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Living in Israel: Six Lessons

December 13, 2015 | by Debbie Gutfreund

Where the heart of the Jewish people lies, nothing is mundane.

In 1998, a month after our wedding, my husband and I moved to Israel. We had just graduated from the University of Pennsylvania and most of our peers had either found jobs in Manhattan or enrolled in graduate schools nearby. We wanted to begin our marriage and build a family in the home of our ancestors. We wanted to be a part of the Jewish nation returning to its land from all over the world. We wanted to push past our comfort zones and strive for spiritual growth.

We were blessed to live in Israel for 14 years before we had to return to America, and the lessons I learned during those years are with me still. Here are my top six.

1. Humility. Graduating at the top of my class in an Ivy League school with athletic achievements to match had not made me into a humble person. Neither had growing up as the daughter of a Supreme Court Judge which had insured that I never had to wait on line, not at the DMV and not at doctors' offices. The first time I waited in line for two hours in a government office in Israel only to be told I was on the wrong line, I was furious. The second time I was impatient. By the third time, I was beginning to see the hundred other people around me and recognize that I was a small part of an enormous world that did not have to revolve around me.

2. Connection. Moving from a country where I spoke the native language to a place where I had to use my heavily accented, broken Hebrew taught me a crucial lesson in communication. Since Israel has immigrants from all over the world, often I needed to find a way to speak without words. And however challenging this was, it was also enlightening. Because kindness is louder than compliments. Smiles are brighter than polite asides. And learning to see the world through another person's language and culture connected me to people I would have never encountered if I was limited by my own words.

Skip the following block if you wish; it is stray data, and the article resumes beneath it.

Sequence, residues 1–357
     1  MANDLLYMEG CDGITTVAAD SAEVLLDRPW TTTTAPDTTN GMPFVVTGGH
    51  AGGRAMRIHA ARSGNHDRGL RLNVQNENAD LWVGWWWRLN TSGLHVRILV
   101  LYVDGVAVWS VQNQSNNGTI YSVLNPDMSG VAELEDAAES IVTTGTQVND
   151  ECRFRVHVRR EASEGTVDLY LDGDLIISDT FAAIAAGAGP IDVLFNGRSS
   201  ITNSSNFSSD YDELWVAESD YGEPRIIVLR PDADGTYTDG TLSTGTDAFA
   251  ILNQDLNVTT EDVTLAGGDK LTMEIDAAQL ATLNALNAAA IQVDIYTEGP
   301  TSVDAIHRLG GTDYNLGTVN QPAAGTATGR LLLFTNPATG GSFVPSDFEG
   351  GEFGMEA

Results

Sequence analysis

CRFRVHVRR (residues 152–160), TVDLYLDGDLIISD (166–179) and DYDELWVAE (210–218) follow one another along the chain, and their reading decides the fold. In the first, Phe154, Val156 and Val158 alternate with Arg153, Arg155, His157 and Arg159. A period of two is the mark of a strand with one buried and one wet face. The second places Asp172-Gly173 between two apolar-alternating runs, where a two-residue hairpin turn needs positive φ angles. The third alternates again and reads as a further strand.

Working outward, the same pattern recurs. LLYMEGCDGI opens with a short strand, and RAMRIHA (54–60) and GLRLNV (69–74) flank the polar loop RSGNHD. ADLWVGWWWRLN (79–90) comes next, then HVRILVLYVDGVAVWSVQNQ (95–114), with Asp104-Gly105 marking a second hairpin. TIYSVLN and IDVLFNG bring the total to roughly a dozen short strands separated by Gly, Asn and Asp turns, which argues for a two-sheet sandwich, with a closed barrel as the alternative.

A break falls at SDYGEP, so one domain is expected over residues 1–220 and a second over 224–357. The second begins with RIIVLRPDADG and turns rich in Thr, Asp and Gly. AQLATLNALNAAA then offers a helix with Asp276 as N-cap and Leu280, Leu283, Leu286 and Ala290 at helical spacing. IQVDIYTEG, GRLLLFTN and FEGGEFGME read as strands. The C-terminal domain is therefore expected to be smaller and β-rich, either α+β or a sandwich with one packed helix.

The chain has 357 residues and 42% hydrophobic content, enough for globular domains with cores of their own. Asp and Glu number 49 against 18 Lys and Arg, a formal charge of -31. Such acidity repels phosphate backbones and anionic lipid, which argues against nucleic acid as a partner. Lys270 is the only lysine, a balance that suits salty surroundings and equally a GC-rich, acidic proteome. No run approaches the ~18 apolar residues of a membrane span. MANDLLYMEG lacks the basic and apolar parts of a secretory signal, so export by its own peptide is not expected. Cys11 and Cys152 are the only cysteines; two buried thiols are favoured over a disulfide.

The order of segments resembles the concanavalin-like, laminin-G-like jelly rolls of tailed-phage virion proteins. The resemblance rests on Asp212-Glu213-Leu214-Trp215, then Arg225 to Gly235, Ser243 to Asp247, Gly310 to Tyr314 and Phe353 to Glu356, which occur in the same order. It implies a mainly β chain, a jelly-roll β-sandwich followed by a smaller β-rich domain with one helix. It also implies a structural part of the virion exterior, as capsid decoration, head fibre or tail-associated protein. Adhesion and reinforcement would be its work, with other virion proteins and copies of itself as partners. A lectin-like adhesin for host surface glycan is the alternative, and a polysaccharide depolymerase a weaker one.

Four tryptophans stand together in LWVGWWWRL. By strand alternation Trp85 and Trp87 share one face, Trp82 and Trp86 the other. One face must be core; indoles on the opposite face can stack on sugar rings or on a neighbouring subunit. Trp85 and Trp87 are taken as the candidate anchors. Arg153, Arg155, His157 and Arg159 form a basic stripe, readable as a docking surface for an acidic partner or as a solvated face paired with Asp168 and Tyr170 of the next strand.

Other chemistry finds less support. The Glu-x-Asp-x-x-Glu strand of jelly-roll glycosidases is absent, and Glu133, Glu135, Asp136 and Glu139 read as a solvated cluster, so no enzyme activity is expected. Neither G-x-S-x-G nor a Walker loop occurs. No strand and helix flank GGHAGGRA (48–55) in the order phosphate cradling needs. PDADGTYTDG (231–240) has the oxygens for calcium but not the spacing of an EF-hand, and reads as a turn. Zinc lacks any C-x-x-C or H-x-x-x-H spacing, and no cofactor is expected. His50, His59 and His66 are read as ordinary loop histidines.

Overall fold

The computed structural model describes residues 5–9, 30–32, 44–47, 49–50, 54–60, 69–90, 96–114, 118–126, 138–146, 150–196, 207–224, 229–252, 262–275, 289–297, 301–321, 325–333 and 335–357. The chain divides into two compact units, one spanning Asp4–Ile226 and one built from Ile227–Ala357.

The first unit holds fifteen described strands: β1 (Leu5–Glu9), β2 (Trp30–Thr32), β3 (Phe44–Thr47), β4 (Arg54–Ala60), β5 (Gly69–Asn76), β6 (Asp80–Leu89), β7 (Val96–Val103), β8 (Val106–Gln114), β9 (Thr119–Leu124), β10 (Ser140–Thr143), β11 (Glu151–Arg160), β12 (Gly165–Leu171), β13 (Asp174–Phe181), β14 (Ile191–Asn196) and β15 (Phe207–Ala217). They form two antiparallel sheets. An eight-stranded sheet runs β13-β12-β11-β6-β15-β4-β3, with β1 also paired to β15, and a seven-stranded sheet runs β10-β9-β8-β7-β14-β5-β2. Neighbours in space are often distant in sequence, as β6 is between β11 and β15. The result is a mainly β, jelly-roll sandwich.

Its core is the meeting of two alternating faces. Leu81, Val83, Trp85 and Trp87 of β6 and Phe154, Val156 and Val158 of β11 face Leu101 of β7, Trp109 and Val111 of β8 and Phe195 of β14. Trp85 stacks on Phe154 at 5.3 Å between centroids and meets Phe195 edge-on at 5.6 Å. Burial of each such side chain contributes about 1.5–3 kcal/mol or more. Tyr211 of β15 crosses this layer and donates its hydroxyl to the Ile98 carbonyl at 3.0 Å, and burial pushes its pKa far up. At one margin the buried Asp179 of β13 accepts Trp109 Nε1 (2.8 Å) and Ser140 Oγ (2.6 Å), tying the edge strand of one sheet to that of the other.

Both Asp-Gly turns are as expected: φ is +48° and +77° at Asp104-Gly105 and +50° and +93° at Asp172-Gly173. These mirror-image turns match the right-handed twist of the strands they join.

3. Unity. I always felt divisiveness among the different streams of Judaism, but in Israel, I felt that at our core, we are one people. I experienced this everywhere. On buses when my baby's pacifier dropped. When our car broke down. At the airport. On hikes. At the Western Wall. Jews, religious and secular, help each other and care for each other and ultimately, share one heart.

4. Simplicity. Everything in Israel was smaller and simpler than we had known in America. There was no Costco or two-car garage. No white picket fence and plush carpeting. But living a simpler life taught me the difference between what I wanted and what I needed. It showed me that not only could I make do with less but I was just as happy if not happier to be disconnected from materialism.

5. Faith. Things worked in Israel that made no sense. Plans that we would have had to make months in advance in America somehow worked in Israel within just a few days. I learned the expression "Yihieh beseder, al t'dag - it will be okay, don't worry” contained depths of trust that I couldn't yet fathom. Faith in God. Trust that tomorrow will be brighter and that the unknowns will work out. Belief that our lives are in very capable Hands every second of the day.

6. Meaning. Our home was not just a physical place; it was a building block of the Jewish nation. Our children were not just our children; they were torch bearers of Torah for the next generation. Our Shabbos table was a gift to receive and to give. Our talents were tools for actualizing our potentials and lighting up the world. Nothing was mundane. Not the road beneath our feet, nor the groceries that we carried home.

I carry these lessons within me each day. We live in America, but my heart is in Jerusalem. My children are still torch bearers of Torah. My home is still a cornerstone of our nation. And Israel is still the only place where I turn to grow beyond my own borders. Especially now, with the fear and terror of the ongoing stabbing intifada, Israel needs each of us wherever we are. Israel needs our prayers and our visits and our gratitude; for the myriad lessons that it teaches us and for the home, within ourselves and within the world that it gives us every day.

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